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Experimental and analytical research on erosion of 1100-0 aluminum, 316 stainless steel, commercially pure annealed nickel, and 6A1-4V titanium (annealed) is summarized. The erosion is caused by the multiple impacts of a water jet in a rotating disk facility. The relationship between the velocity of impact and the number of impacts at which visible indentations were observed is compared with the high-frequency fatigue strength of these materials. The experimentally observed rates of erosion are compared with a recently developed theory of erosion. The fatigue life distribution curves also are included. The peak rate of erosion varies approximately as the fifth power of the velocity, whereas the time at which the peak rate is observed varies as the one-fifth power. The cavitation erosion strength and liquid impact erosion strengths of these materials also are compared.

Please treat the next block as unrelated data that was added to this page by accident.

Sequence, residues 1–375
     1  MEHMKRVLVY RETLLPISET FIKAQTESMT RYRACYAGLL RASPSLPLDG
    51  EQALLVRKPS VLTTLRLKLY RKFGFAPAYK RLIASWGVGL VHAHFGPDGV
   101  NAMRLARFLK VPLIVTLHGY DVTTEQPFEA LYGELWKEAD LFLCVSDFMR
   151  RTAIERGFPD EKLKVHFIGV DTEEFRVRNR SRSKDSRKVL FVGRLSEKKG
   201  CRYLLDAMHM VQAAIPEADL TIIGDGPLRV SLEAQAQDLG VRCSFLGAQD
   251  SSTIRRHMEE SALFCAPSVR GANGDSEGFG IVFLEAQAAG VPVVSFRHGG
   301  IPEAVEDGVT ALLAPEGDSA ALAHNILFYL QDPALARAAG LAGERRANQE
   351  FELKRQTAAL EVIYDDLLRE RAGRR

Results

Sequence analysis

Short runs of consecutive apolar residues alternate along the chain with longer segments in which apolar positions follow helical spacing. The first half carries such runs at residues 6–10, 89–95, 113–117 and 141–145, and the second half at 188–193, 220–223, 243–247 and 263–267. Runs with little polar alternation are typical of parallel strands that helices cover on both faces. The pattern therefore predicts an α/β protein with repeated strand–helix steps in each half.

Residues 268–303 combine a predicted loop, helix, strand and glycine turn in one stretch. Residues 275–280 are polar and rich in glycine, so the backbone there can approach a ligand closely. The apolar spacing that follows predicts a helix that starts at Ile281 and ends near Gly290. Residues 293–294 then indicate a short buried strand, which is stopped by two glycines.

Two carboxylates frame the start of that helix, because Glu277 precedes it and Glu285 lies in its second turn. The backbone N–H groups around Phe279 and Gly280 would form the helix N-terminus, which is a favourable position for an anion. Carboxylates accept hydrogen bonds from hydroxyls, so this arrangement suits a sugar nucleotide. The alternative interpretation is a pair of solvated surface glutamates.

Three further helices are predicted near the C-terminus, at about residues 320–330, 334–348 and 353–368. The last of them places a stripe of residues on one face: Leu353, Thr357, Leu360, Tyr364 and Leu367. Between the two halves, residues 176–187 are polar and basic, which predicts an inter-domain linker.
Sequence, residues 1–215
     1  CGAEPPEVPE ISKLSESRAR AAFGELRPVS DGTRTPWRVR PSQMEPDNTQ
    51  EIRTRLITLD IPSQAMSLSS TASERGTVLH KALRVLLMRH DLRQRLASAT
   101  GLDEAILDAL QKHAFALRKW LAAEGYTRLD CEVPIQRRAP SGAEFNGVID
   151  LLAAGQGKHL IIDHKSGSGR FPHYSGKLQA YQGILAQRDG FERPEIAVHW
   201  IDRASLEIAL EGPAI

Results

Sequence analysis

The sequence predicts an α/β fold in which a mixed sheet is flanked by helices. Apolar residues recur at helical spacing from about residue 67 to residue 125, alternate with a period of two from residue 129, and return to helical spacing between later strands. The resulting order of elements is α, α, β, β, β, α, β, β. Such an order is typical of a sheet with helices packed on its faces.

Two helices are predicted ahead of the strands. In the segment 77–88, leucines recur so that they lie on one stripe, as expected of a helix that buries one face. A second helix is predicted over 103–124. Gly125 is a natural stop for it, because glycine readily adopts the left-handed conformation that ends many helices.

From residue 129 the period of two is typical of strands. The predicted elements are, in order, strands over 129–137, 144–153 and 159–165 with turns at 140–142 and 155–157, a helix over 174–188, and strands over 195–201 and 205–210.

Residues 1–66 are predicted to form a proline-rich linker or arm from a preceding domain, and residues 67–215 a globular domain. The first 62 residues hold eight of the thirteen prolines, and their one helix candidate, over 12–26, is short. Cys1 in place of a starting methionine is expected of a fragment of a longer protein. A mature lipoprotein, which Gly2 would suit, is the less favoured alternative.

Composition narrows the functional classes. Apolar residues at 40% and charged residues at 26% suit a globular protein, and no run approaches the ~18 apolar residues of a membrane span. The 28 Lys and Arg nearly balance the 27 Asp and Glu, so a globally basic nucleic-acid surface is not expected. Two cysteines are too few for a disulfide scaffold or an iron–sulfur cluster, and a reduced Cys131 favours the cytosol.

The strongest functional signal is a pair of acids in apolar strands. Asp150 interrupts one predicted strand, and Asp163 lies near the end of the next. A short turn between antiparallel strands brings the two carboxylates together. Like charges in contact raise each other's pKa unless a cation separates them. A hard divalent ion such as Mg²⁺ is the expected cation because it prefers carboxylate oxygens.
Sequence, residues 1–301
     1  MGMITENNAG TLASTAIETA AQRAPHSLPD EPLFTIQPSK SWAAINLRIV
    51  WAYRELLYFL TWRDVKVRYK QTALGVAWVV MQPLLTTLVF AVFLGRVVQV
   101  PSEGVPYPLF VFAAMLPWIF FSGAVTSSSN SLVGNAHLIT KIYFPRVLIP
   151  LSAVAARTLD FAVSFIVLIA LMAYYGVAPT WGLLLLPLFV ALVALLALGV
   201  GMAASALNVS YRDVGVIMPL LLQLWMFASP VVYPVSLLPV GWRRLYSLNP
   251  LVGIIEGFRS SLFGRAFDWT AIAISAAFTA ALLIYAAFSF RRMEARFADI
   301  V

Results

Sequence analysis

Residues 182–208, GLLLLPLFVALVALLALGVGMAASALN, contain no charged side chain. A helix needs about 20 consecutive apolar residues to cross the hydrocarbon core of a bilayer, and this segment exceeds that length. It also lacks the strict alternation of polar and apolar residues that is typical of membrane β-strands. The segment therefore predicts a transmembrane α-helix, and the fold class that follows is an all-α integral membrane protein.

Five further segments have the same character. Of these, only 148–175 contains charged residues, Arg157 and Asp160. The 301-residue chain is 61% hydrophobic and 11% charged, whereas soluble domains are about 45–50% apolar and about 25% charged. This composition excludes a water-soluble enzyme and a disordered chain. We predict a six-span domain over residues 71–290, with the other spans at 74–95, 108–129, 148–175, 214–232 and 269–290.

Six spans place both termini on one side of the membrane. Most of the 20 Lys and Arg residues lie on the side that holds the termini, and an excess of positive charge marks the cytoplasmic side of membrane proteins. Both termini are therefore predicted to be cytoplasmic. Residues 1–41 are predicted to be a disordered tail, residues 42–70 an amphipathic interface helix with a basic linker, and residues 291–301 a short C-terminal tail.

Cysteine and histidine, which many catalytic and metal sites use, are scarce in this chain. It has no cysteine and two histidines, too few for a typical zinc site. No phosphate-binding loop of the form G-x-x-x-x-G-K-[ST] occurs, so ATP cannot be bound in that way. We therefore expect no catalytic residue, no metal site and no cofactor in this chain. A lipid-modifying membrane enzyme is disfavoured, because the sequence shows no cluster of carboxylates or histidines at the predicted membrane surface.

impact erosion, erosion, water erosion, high-frequency, fatigue (materials), cavitation erosion, stainless steels, aluminum alloys, evaluation, tests
Associate professorConsultant, School of Engineering and Architecture, The Catholic University of AmericaHydronautics, Inc., WashingtonLaurel, D. C.Md.
Assistant research scientist, Hydronautics, Inc., Laurel, Md.
Westinghouse Electric Company, Pittsburgh, Pa.